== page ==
Definition of veritable in English:

veritable

Line breaks: ver¦it|able
Pronunciation: /ˈvɛrɪtəb(ə)l
 
/

adjective

[attributive]
Used for emphasis, often to qualify a metaphor: the early 1970s witnessed a veritable price explosion
More example sentences
  • Errors of judgment seem inspired, and the few shards of true inspiration sound like veritable masterpieces.
  • The school going children can expect a veritable literary blitz to descend on their schools.
  • Happily, the next decade will see a veritable slew of well-qualified candidates.

Origin

late Middle English: from Old French, from verite 'truth' (see verity). Early senses included 'true' and 'speaking the truth', later 'genuine, actual'.

Derivatives

veritably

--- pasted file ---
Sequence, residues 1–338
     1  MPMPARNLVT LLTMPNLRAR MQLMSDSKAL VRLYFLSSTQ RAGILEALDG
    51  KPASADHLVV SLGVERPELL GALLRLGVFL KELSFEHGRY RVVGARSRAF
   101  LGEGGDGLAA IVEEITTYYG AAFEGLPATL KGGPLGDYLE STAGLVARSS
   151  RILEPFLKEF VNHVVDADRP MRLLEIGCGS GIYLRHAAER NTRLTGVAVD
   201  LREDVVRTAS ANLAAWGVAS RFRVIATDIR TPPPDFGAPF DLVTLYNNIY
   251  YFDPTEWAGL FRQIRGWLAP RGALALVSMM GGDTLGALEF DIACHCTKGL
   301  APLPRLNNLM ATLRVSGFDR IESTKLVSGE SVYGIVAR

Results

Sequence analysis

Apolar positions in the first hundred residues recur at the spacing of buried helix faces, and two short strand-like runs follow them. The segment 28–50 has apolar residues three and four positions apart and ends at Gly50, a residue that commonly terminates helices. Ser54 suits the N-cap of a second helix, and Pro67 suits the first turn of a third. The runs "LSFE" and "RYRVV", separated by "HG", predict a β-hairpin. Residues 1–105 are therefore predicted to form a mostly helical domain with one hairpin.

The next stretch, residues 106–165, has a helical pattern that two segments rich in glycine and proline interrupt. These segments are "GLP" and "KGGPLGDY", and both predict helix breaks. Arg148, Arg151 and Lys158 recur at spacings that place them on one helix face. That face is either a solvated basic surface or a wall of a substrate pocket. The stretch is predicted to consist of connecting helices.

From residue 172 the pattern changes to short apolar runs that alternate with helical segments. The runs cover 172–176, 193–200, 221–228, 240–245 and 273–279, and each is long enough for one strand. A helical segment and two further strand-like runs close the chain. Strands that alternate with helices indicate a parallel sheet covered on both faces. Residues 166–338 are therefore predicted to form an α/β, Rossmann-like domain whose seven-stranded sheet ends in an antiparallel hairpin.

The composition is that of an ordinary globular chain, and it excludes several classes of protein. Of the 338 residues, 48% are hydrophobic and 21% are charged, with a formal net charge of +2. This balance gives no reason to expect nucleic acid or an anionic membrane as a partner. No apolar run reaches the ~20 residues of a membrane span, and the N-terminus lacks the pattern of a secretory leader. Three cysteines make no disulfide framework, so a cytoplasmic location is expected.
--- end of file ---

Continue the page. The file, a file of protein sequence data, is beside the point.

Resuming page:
adverb
More example sentences
  • He is today, veritably, a one-man-Open University on Mahatma Gandhi.
  • Sage veritably whispers these opening lines, suggesting pain and danger.
  • She lowered her eyes flirtatiously, batted her lashes and veritably glowed with his praise.

Definition of veritable in:

Get more from Oxford Dictionaries

Subscribe to remove ads and access premium resources

Word of the day vituperate
Pronunciation: vəˈt(y)o͞opəˌrāt
verb
blame or insult (someone) in strong language...